This article was originally published in The Notebook. In August 2020, The Notebook became Chalkbeat Philadelphia.
Updated Friday at 5:25 p.m. to include longer School District statement at the end of this article.
After mold outbreaks at neighborhood schools, City Councilman Derek Green and advocates from the Philly Healthy Schools Coalition are filing a Right-to-Know request with the District for environmental health data on every school that they were promised last spring — a promise that they say the District did not keep.
“We must have more transparency, especially where our children are concerned,” Green said. “In today’s world, we have so much to worry about already with respect to our kids’ well-being. To have to question whether their health is in jeopardy, in what should be a safe learning environment, is unthinkable and unacceptable.”
District officials disputed the claims that they had not taken the schools’ environmental problems seriously.
“When the School District learns of a problem with mold we remediate it immediately, if there is an issue with asbestos we abate it immediately, if there is any problem that threatens the health and safety of students or staff we work to solve it immediately, " said District spokesman Lee Whack in a statement. "The School District works in a dedicated, open, and transparent way to ensure all federal, state and local standards are met.”
(Read the full School District of Philadelphia response to Councilman Green’s allegations below.)
Green and the coalition were joined at the press conference by Councilwomen Helen Gym and Cindy Bass.
“I constantly hear from parents seeking to understand more about their child’s school building condition, and how we can improve school facilities throughout our District,” Gym said in a statement. “The detailed School Facilities Assessment released by the School District earlier this year was a meaningful step, and we are committed to expanding that transparency and centering voices and leadership from our school communities in this process.”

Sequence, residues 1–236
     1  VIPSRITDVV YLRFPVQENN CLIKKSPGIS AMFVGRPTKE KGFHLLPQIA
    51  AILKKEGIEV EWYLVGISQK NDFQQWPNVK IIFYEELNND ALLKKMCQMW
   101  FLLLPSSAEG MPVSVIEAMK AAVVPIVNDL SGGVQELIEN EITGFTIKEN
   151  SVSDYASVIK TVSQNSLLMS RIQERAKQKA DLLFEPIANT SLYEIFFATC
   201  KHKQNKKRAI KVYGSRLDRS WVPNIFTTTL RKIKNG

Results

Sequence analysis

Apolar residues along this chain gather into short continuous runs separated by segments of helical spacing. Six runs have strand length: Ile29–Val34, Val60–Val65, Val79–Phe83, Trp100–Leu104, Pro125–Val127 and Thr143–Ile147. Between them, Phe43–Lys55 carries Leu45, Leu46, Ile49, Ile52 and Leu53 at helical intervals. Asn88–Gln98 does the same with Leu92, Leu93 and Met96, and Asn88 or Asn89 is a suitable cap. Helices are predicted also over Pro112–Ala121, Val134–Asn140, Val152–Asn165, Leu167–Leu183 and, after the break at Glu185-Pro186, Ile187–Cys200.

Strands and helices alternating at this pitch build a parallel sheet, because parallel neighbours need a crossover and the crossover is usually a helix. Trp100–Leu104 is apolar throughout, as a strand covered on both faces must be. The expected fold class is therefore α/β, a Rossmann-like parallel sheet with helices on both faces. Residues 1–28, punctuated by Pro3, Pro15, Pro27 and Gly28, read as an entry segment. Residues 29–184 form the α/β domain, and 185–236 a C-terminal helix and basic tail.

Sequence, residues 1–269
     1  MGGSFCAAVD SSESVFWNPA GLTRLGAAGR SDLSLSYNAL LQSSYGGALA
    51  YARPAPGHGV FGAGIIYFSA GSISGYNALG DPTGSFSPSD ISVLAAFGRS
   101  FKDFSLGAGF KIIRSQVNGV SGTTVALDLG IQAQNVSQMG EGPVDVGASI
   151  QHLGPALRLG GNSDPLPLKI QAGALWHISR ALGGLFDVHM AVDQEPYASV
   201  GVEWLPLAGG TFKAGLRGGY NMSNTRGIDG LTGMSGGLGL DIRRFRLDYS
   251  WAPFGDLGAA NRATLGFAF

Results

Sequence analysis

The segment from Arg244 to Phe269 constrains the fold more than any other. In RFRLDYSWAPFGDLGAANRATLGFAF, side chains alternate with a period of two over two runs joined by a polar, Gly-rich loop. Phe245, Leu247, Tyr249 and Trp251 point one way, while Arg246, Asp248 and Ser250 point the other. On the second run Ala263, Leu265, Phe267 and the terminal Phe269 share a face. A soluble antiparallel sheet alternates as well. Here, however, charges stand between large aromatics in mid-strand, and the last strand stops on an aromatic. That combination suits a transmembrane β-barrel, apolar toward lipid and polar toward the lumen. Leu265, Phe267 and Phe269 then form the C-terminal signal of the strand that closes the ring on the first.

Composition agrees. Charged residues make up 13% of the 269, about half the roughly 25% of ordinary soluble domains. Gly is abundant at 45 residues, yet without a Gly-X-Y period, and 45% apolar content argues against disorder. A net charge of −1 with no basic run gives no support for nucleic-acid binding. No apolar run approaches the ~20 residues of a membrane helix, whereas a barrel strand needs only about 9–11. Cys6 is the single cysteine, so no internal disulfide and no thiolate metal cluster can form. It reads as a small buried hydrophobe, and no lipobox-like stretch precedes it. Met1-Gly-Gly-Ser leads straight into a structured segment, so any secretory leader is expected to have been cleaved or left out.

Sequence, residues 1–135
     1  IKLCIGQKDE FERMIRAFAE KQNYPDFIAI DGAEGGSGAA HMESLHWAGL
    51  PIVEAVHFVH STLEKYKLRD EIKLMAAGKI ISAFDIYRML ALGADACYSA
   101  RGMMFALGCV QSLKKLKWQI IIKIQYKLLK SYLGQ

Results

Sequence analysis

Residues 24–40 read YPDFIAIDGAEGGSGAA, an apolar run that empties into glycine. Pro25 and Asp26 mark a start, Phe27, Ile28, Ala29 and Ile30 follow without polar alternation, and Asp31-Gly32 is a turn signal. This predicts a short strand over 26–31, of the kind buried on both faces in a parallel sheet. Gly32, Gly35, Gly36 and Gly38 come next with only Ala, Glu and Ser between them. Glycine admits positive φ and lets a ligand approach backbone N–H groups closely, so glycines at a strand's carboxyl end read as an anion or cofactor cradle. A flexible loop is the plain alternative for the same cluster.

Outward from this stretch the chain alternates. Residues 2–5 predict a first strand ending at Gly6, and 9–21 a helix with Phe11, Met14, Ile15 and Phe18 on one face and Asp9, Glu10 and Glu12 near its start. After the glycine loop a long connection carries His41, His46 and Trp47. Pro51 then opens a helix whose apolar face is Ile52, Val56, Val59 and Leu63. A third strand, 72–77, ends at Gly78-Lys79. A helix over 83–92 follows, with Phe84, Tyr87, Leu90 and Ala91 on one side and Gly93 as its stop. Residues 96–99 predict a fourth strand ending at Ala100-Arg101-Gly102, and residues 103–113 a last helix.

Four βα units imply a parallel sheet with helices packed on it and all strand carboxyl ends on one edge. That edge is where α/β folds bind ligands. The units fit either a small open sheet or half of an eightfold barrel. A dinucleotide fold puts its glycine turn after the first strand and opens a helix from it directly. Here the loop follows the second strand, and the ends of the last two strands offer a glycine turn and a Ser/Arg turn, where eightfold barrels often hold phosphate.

Most recently, J.B. Kelly Elementary was forced to close while the District remediated a mold outbreak, along with asbestos problems, after black mold was found growing in 10 rooms, according to Jerry Roseman, an environmental scientist for the Philadelphia Federation of Teachers who was present to inspect the building.
Councilwoman Bass said in a statement: “The discovery of mold at J.B. Kelly Elementary School should alarm us all. Our children do not deserve to work and learn in an environment in which they are threatened with mold-related health difficulties each day. I want to thank Councilman Green and the education advocates for taking steps to learn even more about environmental health risks in city schools, so we can avoid situations like this in the future.”
The problems at J.B. Kelly came on the heels of a larger mold outbreak covering roughly 20,000 square feet in Muñoz-Marín School in North Philadelphia at the end of August.
The Philly Healthy Schools Initiative wrote an open letter about J.B. Kelly, saying that the problems at the school go beyond mold and have been known to the school community for years.
The letter asserts that the Kelly building has problems with its heating and cooling system, just as Muñoz-Marín does, and its “extremely dirty” and only “partially functioning” ventilation system. It applauds the asbestos removal that the District is doing at Kelly, but says that it only highlights the need to make more information available to the public about the presence of asbestos in school buildings.
“As we release this statement, we — public, parents, and other stakeholders — still don’t know the full extent of the problems or the current status of the fixes at Kelly,” the letter reads.
“Comprehensive and accurate information is something that the entire school community, including parents, deserves to be provided with. While we are hopeful that everything that needed to be done has been done, we also need to engage in ongoing discussions about how to prevent and better address these problems in the future.”
The information requested includes data sets and reports on asbestos, lead in paint, plaster, and drinking water, maintenance work orders, ventilation systems, school inspections, asthma prevalence, energy use, and rodent infestations.
“My mother taught in the School District for almost 30 years, and she and teachers like her have a right to know that they are working in safe buildings,” Green said. “I’m a parent of a public school student, and myself and other parents all around the city and throughout the School District have a right to know the condition of the school they send their children to every day.”
Green also referred to Chris Trakimas, a building engineer at F.S. Edmonds who died in May from injuries he suffered in January when the school’s boiler exploded while he attempted to turn it back on alone — an operation that used to be performed by two workers before budget cuts.